Would you agree Ruth?

Ruth: Yeah.
Máire: But on my day off, or a Sunday night at home, why would I want to be slaving away in the kitchen?


Paul starts preparing the onions for the chowder.

Paul: At the cookery school, I end up talking about onions more than anything else… If you leave these onions in this pot for five minutes, it’d be fine, you’ll have an okay result. But if you leave them to cook really slowly in butter and bay leaves for 20 minutes, you’ll have a dream. It’s all about patience. I appreciate Asian food, where things are done really fast, but I suppose my whole approach to cooking is about doing things slowly.

What other advice do you give in your classes?

Paul: What I really try to teach people is that it’s not about being fancy. Simplicity is the key. Make it taste nice. And then, for the more competent people, I show them how they can add extra elements. This is a very simple chowder and it’s great on its own, but you could also add some plaice or mussels.

On The Menu

Lunch with Paul and Máire Flynn
Dungarvan, Co Waterford, May 2016

To eat:

Bacon and butter bean chowder with fresh plaice »

To drink:

Chateau de la Mirande, Picpoul de Pinet

So people should learn the basics first and embellish later.

Paul: Yes. It’s really important to instil a sense of confidence in people. A lot of people are just terribly frightened of cooking, of getting something wrong. The worst thing you can do is burn it, but otherwise you can fix a lot of things. You can fix them by just tasting. If it’s a little bit too sour, put some sugar in it; if it’s a little bit too sweet, add lemon juice or vinegar. Tasting is very important.



I see you’re using a tin of butterbeans there. Is that not a punishable offence?

Paul: If you want to soak butterbeans and make it a two-day process, away you go, but that’s not what I would do at home. At the restaurant we cook differently of course, but any worthiness [in home cooking] makes me run the other way. Just like the people who are obsessed with talking about wild flowers and foraging. If someone starts talking to me about all that, I switch off. The only foraging I do is for beer.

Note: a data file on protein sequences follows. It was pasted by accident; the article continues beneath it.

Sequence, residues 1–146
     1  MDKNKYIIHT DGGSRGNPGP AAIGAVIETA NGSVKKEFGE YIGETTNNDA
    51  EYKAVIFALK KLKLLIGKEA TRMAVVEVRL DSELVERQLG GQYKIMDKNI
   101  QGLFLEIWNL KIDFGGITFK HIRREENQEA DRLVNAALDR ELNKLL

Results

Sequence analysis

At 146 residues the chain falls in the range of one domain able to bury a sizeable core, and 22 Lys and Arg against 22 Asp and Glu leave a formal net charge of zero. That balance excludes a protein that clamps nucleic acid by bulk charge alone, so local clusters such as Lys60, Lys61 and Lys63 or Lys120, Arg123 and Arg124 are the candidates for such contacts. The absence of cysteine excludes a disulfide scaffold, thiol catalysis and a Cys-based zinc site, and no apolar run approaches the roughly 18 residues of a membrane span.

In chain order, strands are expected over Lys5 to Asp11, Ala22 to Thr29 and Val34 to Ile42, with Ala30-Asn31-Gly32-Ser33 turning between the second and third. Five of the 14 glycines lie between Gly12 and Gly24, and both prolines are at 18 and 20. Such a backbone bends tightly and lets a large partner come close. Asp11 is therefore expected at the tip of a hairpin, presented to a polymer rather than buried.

Do you use cookbooks a lot?

Paul: I love them but I get frustrated. The curmudgeon in me is going to come out now. All the cookbooks these days are obsessed with health. It’s all about using your Nutribullet to best effect and juicing up grass – I’m a bit cynical about that now. I think it’s a real fad. When you see them all on the table in a bookshop, it feels like we’re being attacked. I’m going to bring out a book called Just Add More Butter
Seriously though, the best way you can keep your family healthy is to cook good food at home, it will set them up for life. Okay I’m going to feed you now. This is my one function around here: feeding people.

The Tannery is at 10 Quay St, Dungarvan, Co. Waterford, Ireland;

Follow the Tannery: Facebook | Twitter


Posted 25th August 2016

In Interviews


Interview: Killian Fox
Photographs: Emile Dinneen